Mark Bittman, among others, has long advocated the use of sin taxes on junk food, but so far the idea hasn’t caught on Stateside.
Over in Europe, Denmark has tried and failed to make sin taxes work, while Hungary is currently struggling with implementing the concept. Some manufacturers reformulate their products to avoid the taxes, while consumers often simply buy similar foods that are cheaper (and generally made with even worse ingredients).
On this side of the pond, outright bans on such items as soda pop have been more popular. But it’s not clear if the bans, like the taxes, actually improve health — and now New York City’s soda ban has been repealed, one day before it was due to go into effect.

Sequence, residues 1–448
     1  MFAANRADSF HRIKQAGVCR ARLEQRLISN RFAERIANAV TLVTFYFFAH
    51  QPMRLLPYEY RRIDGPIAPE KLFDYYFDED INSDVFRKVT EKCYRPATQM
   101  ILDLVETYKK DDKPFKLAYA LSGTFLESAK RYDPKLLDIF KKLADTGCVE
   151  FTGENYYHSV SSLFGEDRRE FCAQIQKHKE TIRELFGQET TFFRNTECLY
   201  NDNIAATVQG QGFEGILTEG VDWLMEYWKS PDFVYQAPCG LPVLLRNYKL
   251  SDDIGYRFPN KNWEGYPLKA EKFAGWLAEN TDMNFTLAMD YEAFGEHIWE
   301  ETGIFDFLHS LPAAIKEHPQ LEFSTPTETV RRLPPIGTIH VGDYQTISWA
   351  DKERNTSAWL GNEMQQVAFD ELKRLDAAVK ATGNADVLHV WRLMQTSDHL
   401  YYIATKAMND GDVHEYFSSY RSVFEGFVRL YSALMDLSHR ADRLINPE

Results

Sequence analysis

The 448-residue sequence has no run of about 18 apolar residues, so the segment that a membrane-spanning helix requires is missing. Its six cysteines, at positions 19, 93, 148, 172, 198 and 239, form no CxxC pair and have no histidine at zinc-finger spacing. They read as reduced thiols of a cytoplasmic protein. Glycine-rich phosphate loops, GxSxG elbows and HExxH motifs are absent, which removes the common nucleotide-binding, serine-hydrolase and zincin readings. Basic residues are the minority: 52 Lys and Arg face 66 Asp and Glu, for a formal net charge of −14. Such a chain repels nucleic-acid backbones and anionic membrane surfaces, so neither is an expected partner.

Marion Nestle, though, thinks the soda ban is a great idea:
So-called “nanny-state” measures — like bans on driving while drunk, smoking in public places and, now, selling absurdly large sugary drinks — help to level the playing field. Such measures are about giving everyone an equal opportunity to live a safer and healthier life.
Change in our kitchens
Reflections on cooking — and a career that’s based largely at the stove.
Flatbreads from around the continent
Beyond a supporting role
The great Sicilian-Neapolitan kitchen rivalry
Five ideas each month for eating better